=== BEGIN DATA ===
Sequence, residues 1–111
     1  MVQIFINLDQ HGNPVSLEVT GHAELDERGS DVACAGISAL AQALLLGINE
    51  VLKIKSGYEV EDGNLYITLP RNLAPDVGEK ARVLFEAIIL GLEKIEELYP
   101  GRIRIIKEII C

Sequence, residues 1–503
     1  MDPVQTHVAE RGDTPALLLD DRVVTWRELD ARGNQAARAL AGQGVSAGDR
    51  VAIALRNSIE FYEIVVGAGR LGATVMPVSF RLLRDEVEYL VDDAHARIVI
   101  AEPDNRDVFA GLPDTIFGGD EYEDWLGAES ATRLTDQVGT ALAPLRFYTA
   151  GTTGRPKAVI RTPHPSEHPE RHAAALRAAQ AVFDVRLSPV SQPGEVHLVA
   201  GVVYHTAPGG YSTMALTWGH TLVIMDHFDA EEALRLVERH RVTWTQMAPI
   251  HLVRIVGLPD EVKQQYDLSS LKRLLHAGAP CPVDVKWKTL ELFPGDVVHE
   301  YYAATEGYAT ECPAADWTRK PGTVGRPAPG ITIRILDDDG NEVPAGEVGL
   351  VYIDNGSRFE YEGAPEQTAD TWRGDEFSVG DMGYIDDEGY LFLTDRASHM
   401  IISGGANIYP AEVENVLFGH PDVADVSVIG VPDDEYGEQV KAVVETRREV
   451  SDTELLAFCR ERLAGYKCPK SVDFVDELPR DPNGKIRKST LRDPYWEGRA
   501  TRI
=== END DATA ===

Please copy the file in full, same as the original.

Sequence, residues 1–111
     1  MVQIFINLDQ HGNPVSLEVT GHAELDERGS DVACAGISAL AQALLLGINE
    51  VLKIKSGYEV EDGNLYITLP RNLAPDVGEK ARVLFEAIIL GLEKIEELYP
   101  GRIRIIKEII C

Sequence, residues 1–503
     1  MDPVQTHVAE RGDTPALLLD DRVVTWRELD ARGNQAARAL AGQGVSAGDR
    51  VAIALRNSIE FYEIVVGAGR LGATVMPVSF RLLRDEVEYL VDDAHARIVI
   101  AEPDNRDVFA GLPDTIFGGD EYEDWLGAES ATRLTDQVGT ALAPLRFYTA
   151  GTTGRPKAVI RTPHPSEHPE RHAAALRAAQ AVFDVRLSPV SQPGEVHLVA
   201  GVVYHTAPGG YSTMALTWGH TLVIMDHFDA EEALRLVERH RVTWTQMAPI
   251  HLVRIVGLPD EVKQQYDLSS LKRLLHAGAP CPVDVKWKTL ELFPGDVVHE
   301  YYAATEGYAT ECPAADWTRK PGTVGRPAPG ITIRILDDDG NEVPAGEVGL
   351  VYIDNGSRFE YEGAPEQTAD TWRGDEFSVG DMGYIDDEGY LFLTDRASHM
   401  IISGGANIYP AEVENVLFGH PDVADVSVIG VPDDEYGEQV KAVVETRREV
   451  SDTELLAFCR ERLAGYKCPK SVDFVDELPR DPNGKIRKST LRDPYWEGRA
   501  TRI